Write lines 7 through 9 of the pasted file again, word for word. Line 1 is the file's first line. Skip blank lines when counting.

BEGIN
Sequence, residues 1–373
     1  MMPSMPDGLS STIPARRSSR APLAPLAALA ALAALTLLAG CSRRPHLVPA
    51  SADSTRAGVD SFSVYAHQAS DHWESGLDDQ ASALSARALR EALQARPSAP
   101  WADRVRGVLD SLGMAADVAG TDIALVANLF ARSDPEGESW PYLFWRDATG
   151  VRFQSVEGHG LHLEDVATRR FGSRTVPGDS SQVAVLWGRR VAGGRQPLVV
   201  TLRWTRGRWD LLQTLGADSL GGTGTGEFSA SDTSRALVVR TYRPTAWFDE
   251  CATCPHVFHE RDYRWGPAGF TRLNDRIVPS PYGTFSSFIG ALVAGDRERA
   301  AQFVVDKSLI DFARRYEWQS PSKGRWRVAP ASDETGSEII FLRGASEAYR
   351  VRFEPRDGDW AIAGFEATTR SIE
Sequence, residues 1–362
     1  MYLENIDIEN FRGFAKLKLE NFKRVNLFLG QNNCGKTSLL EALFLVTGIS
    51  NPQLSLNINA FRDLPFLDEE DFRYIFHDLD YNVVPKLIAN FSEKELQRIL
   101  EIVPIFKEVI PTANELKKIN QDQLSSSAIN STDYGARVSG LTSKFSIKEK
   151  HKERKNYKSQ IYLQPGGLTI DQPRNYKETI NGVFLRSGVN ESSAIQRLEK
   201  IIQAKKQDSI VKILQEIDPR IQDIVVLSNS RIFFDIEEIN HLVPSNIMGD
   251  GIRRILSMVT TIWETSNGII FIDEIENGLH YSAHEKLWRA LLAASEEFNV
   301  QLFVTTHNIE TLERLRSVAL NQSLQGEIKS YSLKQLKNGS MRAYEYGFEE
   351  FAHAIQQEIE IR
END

   251  CATCPHVFHE RDYRWGPAGF TRLNDRIVPS PYGTFSSFIG ALVAGDRERA
   301  AQFVVDKSLI DFARRYEWQS PSKGRWRVAP ASDETGSEII FLRGASEAYR
   351  VRFEPRDGDW AIAGFEATTR SIE